Last Thursday, I attended one of our area’s colleges involved in the National Teach In On Global Warming, February 5th. The mission of the teach-in was to enjoin ”thousands of colleges, universities, high-schools, middle schools, faith groups, civic organizations and businesses” to “determine if our descendants will inherit a prosperous or an impoverished planet.” Pretty heady agenda.
The goal was to get everyone to realize that “We stand at a unique moment in human history. The window for action on global warming is measured in months, not years. Decisions that we make—or fail to make—in 2009 will have profound impacts not only for our children and grandchildren, but for every human being that will ever inhabit the face of this earth from now until the end of time.” Almost makes our Recession an afterthought. Think of it: Humans realizing that they must charge of their planet’s machinations. Doesn’t this define Environmental Ethics?
Though largely ignored by the press (if you came across local coverage of this nation-wide event, drop me a line), many of us from outside the university world did attend the activities. My original plan was to stay about an hour or two, but I got engaged and stayed the whole day. There was tabling for recycling, a table for measuring your carbon footprints (I calculated mine right after the university’s president did his), attending classes on environmental ethics, listening to environmental poetry readings, watching environmental films, joining in webcasts, attending workshops, and whole lot talking and listening. My favorite event was the “Teach-in.” What could be more fun for an old philosophy student than discussing important matters with college professors?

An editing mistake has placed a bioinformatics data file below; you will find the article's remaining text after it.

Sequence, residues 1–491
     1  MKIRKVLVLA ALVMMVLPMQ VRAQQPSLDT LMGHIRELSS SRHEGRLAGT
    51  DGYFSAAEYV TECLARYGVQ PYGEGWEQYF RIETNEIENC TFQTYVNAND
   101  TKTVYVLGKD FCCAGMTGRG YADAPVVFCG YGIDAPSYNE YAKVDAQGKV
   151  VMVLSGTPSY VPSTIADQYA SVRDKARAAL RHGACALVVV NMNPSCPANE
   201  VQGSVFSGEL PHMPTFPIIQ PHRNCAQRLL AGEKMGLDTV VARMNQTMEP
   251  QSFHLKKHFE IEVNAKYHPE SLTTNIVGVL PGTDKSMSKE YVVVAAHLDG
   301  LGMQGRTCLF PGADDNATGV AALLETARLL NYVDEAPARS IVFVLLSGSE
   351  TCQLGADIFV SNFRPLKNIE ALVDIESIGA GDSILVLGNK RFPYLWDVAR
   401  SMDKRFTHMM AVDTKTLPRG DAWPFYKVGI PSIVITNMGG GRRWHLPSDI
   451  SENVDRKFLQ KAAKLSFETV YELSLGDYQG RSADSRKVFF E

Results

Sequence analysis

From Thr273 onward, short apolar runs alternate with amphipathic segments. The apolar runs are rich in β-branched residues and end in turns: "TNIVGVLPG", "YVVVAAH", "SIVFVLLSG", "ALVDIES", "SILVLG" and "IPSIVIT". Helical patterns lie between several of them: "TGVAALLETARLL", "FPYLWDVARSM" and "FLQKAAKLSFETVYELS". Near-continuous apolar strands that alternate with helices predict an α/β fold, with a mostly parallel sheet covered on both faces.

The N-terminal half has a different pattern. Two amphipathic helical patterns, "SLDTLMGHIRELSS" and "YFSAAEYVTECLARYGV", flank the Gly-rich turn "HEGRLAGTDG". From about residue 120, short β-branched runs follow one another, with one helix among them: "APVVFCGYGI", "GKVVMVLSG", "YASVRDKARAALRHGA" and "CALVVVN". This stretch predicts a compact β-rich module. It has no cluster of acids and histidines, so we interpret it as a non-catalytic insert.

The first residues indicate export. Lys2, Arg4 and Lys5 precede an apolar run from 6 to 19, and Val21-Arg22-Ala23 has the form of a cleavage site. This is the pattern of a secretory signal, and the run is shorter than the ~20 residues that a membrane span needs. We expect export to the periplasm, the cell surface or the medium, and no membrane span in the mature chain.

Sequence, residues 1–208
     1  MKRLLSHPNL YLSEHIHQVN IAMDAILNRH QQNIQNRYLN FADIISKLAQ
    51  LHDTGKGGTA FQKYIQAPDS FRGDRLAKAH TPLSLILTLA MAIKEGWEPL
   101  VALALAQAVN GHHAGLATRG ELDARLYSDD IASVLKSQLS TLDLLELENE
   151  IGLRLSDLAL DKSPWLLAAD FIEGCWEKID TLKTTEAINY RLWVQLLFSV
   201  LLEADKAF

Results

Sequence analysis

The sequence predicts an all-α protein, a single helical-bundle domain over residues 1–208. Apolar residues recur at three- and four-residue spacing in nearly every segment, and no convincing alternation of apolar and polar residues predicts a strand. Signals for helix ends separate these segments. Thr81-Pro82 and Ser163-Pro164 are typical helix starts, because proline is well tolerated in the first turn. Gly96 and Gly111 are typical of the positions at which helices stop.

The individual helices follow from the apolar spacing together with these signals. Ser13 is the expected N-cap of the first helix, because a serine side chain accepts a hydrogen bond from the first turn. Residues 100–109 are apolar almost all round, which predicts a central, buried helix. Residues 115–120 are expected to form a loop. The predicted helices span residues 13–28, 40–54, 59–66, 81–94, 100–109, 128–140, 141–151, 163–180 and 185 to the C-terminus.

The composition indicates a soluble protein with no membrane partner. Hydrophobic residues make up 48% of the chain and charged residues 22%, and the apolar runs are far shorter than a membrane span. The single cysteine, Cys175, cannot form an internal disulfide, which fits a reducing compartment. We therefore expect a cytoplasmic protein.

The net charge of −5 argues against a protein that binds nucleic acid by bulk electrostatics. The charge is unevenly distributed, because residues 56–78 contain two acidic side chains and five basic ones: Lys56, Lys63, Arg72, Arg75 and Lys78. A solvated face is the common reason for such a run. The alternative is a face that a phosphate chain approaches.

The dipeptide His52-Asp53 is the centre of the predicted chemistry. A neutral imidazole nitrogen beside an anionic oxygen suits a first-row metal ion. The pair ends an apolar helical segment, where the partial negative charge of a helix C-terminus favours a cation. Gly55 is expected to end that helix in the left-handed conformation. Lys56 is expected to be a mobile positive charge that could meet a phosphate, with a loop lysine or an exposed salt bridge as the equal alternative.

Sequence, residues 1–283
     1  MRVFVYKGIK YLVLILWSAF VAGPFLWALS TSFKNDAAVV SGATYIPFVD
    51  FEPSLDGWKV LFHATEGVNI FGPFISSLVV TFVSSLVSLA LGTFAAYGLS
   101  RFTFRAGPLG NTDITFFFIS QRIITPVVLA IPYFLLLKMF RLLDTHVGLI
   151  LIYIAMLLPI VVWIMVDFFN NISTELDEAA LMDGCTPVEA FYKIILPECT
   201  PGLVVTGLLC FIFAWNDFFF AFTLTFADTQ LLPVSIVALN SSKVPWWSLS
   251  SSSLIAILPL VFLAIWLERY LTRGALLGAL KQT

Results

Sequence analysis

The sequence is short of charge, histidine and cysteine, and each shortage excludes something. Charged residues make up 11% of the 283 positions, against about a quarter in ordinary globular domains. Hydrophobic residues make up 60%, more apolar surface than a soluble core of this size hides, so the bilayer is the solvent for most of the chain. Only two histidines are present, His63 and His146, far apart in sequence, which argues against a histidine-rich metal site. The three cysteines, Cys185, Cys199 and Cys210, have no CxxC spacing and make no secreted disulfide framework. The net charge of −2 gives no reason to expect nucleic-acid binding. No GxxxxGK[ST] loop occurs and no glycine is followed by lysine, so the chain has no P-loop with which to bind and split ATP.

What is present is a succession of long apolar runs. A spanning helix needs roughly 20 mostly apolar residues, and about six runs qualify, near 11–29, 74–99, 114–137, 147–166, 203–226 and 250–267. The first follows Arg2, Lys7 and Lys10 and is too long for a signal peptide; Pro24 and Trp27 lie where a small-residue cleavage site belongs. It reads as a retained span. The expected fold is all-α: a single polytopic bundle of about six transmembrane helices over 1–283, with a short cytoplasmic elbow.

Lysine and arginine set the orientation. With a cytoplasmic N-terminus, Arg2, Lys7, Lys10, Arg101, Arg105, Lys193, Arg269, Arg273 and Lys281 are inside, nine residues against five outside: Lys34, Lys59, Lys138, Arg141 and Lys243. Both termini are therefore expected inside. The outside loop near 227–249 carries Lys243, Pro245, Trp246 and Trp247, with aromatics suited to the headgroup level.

Oh, what’s a teach-in? “A "teach-in" is similar to a general educational forum on any complicated issue, usually an issue involving current political affairs. The main difference between a teach-in and a seminar is the refusal to limit the discussion to a specific frame of time or an academic scope of the topic. Teach-ins are meant to be practical, participatory, and oriented toward action. While they include experts lecturing on the area of their expertise, discussion and questions from the audience are welcome.” from Teach-in - Wikipedia, the free encyclopedia
I came away from my teach-in day realizing that in spite of the media’s dismissal of the event, there are a world people concerned about our rapidly changing environment. Professors get it. Business people are starting to get it, though how deep their green façades drill down into industry’s practices is problematic. Students get it, for they have never lived in a world where it wasn’t known that anthropogenic climate change rules. Back in day, only an enlightened few believed humans could actually affect something as incredibly colossal as our planet’s environment in any meaningful way.
Shelving our environment is quickly changing as evidenced by Thursday’s national teach-in. Try as they may, those who deny the scientific evidence of anthropogenic climate change are finding little traction for their views at the university level. And, disdainful as they might be, the media, which barrages us with ads, economic gloom, sports, political shenanigans, and the delusion that environmental concerns are not important because they don’t have a section in their newspaper on it, the media itself is being transcended. Already becoming marginalized by the Internet, teach-ins, and its own self-absorbed attempts to pander to a market that no longer listen to them, the media is merely fiddling around while the rest of us are trying to put out the planetary inferno.